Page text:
By Lawrence Hurley WASHINGTON (Reuters) - The U.S. Supreme Court on Monday gave local government officials across the United States more leeway to begin public meetings with a prayer, ruling that sectarian invocations do not automatically violate the U.S. Constitution. The court said on a 5-4 vote that the town of Greece in New York state did not violate the Constitution's ban on government endorsement of religion by allowing Christian prayers before monthly meetings. Although such prayers have long been a tradition in some communities, the high court had never before expressly said sectarian prayers could be constitutional in some circumstances or specifically held that prayers could be given before meetings of local government entities. Politicians from both major political parties, including President Barack Obama, a Democrat, had backed the town.
By Bernard Vaughan NEW YORK (Reuters) - A Texas woman pleaded not guilty on Monday to charges of arranging illegal contributions to the 2010 campaign of embattled U.S. Representative Michael Grimm, a New York Republican. Diana Durand, a former fundraiser for Grimm, pleaded not guilty in New York to charges of funneling more than $10,000 to two candidates for the U.S. House of Representatives in 2010 with the help of straw donors, in violation of a federal law that capped individual contributions to political candidates at $4,800. The three-count indictment handed down last month does not name Grimm, though Durand's lawyer, Stuart Kaplan, confirmed after Monday's hearing at federal court in Brooklyn that Grimm was one of the candidates in question. The complaint filed against Durand included an excerpt from an April 2010 e-mail in which prosecutors said she thanked two straw donors, who use someone else's money to make campaign contributions in their own name.
By Patricia Zengerle WASHINGTON (Reuters) - A former prosecutor and critic of the Obama administration's handling of the 2012 Benghazi attacks was picked on Monday to head a Republican-led congressional investigation of the deadly assault that killed the U.S. ambassador to Libya and three other Americans. South Carolina Representative Trey Gowdy, a member of the House Oversight Committee, will lead a new panel investigating the attacks on U.S. diplomatic facilities in Benghazi, Libya. "I know he shares my commitment to get to the bottom of this tragedy and will not tolerate any stonewalling from the Obama administration," House Speaker John Boehner said, announcing Gowdy as his pick as chairman of the select committee. Boehner had announced he was forming the new panel on Friday, the same day the Oversight Committee announced a rare subpoena of a cabinet official, Secretary of State John Kerry, to testify about Benghazi.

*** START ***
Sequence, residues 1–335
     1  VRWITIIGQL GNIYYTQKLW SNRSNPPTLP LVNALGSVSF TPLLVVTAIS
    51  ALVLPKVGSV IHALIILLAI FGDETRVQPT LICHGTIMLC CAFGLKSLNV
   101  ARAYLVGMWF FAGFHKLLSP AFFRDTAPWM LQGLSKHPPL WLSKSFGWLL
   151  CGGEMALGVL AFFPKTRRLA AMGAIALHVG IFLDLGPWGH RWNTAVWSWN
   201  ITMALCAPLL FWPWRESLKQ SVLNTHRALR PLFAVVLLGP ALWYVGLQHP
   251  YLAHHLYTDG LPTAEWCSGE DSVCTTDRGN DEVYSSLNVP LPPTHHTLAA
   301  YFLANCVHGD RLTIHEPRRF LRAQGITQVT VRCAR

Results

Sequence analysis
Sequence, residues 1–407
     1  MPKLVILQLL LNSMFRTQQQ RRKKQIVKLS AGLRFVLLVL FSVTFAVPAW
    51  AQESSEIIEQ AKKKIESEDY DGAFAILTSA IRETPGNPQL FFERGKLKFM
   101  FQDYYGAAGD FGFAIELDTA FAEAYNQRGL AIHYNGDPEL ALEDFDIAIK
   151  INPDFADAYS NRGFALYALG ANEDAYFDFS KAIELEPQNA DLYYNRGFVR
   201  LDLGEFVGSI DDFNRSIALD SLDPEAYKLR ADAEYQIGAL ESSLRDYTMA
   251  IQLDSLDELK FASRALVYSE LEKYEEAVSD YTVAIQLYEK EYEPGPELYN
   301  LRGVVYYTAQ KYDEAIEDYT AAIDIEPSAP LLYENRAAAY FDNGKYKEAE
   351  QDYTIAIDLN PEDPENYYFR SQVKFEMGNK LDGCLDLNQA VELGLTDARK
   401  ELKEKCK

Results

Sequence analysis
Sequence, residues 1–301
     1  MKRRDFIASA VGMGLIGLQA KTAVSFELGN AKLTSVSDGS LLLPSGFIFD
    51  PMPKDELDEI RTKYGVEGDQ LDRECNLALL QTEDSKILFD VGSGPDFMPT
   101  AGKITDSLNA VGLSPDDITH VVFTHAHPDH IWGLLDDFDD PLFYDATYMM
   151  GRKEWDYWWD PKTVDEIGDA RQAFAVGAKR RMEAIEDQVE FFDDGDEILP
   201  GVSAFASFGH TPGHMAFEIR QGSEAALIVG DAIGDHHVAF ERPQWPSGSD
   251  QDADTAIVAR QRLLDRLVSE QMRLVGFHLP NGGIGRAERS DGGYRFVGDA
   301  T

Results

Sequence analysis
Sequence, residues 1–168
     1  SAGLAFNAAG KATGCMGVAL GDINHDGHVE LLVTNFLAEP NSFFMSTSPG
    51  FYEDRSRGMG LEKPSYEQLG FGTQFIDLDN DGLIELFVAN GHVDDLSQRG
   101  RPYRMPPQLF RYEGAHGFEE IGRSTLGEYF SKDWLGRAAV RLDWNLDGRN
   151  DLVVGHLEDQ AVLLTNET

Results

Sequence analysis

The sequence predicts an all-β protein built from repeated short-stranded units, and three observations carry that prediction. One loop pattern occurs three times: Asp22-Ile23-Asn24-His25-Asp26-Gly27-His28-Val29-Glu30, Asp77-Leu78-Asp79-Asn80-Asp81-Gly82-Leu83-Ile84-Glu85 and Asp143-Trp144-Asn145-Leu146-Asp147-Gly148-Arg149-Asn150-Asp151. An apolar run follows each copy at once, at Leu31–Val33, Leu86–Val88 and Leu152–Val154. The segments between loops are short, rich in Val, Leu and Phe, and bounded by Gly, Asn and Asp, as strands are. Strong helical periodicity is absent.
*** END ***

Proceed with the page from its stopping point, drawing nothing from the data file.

By Edith Honan NEW YORK (Reuters) - New York City Mayor Bill de Blasio released a plan on Monday to create and preserve 200,000 units of affordable housing over the next decade - a centerpiece of his strategy to address economic inequality in the nation's largest city. The liberal mayor's proposal, requiring a $41 billion investment to build 80,000 units and preserve 120,000 more, would provide enough housing for more than half a million New Yorkers. "And so we are marshaling every corner of government and the private sector in an unprecedented response." De Blasio, who took office in January as the city's first Democratic mayor in two decades, campaigned for office decrying the "tale of two cities" that has emerged as New York is torn by a yawning gap between rich and poor. A report released last month by New York City Comptroller Scott Stringer found that almost half of all New Yorkers spend more than 30 percent of their income on housing, while a third spend at least half on housing.